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Predicting the spectrum of TCR repertoire sharing with a data-driven model of recombination

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      Abstract

      Despite the extreme diversity of T cell repertoires, many identical T-cell receptor (TCR) sequences are found in a large number of individual mice and humans. These widely-shared sequences, often referred to as `public', have been suggested to be over-represented due to their potential immune functionality or their ease of generation by V(D)J recombination. Here we show that even for large cohorts the observed degree of sharing of TCR sequences between individuals is well predicted by a model accounting for by the known quantitative statistical biases in the generation process, together with a simple model of thymic selection. Whether a sequence is shared by many individuals is predicted to depend on the number of queried individuals and the sampling depth, as well as on the sequence itself, in agreement with the data. We introduce the degree of publicness conditional on the queried cohort size and the size of the sampled repertoires. Based on these observations we propose a public/private sequence classifier, `PUBLIC' (Public Universal Binary Likelihood Inference Classifier), based on the generation probability, which performs very well even for small cohort sizes.

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      Landscape of tumor-infiltrating T cell repertoire of human cancers

      We developed a computational method to infer the complementarity determining region 3 (CDR3) sequences of tumor infiltrating T-cells in 9,142 RNA-seq samples across 29 cancer types. We identified over 600 thousand CDR3 sequences, including 15% with full-length. CDR3 sequence length distribution and amino acid conservation, as well as variable gene usage of infiltrating T-cells in many tumors, except brain and kidney cancers, resembled those in the peripheral blood of healthy donors. We observed a strong association between T-cell diversity and tumor mutation load, and predicted SPAG5 and TSSK6 as putative immunogenic cancer/testis antigens in multiple cancers. Finally, we identified 3 potential immunogenic somatic mutations based on their co-occurrence with CDR3 sequences. One of them, PRAMEF4 F300V, was predicted to bind strongly to both MHC-I and MHC-II, with matched HLA types in its carriers. Our analyses have the potential to simultaneously identify immunogenic neoantigens and the tumor-reactive T-cell clonotypes.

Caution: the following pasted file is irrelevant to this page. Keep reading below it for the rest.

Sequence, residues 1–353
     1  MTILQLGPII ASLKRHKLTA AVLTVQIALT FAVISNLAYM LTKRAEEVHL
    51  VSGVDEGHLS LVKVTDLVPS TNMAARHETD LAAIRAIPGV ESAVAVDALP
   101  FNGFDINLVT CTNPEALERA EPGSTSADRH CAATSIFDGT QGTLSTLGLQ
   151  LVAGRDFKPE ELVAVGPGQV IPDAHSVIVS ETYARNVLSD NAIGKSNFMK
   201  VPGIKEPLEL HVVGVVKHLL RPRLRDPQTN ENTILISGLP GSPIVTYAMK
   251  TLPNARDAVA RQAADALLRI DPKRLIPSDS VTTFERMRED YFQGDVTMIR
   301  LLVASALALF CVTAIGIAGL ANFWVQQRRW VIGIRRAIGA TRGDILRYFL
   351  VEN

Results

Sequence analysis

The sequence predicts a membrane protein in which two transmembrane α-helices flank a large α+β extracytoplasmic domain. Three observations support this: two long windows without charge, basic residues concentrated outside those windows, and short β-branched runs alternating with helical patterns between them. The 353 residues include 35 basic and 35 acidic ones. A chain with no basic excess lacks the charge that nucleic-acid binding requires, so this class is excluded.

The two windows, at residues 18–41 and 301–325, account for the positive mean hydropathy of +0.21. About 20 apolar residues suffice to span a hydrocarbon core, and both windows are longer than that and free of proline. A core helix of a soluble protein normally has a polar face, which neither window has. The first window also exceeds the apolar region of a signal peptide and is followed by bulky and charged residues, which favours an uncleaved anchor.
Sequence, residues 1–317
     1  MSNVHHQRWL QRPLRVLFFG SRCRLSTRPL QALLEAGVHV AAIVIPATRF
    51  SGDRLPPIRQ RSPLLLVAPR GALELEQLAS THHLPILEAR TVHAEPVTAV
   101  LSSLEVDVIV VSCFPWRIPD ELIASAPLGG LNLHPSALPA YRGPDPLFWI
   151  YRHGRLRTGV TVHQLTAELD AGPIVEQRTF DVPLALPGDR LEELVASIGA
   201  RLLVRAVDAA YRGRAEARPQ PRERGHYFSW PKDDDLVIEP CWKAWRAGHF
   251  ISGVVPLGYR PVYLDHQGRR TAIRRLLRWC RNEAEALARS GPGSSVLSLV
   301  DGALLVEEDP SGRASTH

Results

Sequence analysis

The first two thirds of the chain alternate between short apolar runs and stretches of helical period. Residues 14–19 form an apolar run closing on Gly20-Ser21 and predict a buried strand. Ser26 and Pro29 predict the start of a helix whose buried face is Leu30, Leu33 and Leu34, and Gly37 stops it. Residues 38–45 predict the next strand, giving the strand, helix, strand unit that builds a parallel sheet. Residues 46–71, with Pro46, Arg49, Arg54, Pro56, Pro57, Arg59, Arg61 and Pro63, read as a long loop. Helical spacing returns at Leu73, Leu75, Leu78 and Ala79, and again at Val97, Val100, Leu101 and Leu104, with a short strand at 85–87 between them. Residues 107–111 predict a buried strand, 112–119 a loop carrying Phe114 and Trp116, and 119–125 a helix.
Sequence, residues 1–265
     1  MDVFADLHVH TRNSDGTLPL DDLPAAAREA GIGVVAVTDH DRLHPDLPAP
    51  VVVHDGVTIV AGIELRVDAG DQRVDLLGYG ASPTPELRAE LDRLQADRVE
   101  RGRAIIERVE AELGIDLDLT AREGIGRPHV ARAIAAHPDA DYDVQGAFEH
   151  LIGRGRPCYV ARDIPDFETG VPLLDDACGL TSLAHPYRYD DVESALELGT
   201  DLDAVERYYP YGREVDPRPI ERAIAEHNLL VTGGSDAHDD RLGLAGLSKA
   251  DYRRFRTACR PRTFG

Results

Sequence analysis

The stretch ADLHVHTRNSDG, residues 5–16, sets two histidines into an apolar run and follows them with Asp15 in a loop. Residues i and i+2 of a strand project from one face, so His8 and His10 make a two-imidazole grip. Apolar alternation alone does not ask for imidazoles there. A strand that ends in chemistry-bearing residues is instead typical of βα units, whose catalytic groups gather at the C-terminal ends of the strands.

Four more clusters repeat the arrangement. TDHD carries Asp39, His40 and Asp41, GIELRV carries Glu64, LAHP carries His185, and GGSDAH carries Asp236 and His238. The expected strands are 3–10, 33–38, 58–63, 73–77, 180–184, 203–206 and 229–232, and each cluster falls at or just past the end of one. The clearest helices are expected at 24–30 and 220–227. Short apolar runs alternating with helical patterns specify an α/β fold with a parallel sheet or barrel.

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        Author and article information

        Journal
        02 March 2018
        1803.01056

        http://arxiv.org/licenses/nonexclusive-distrib/1.0/

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        q-bio.GN

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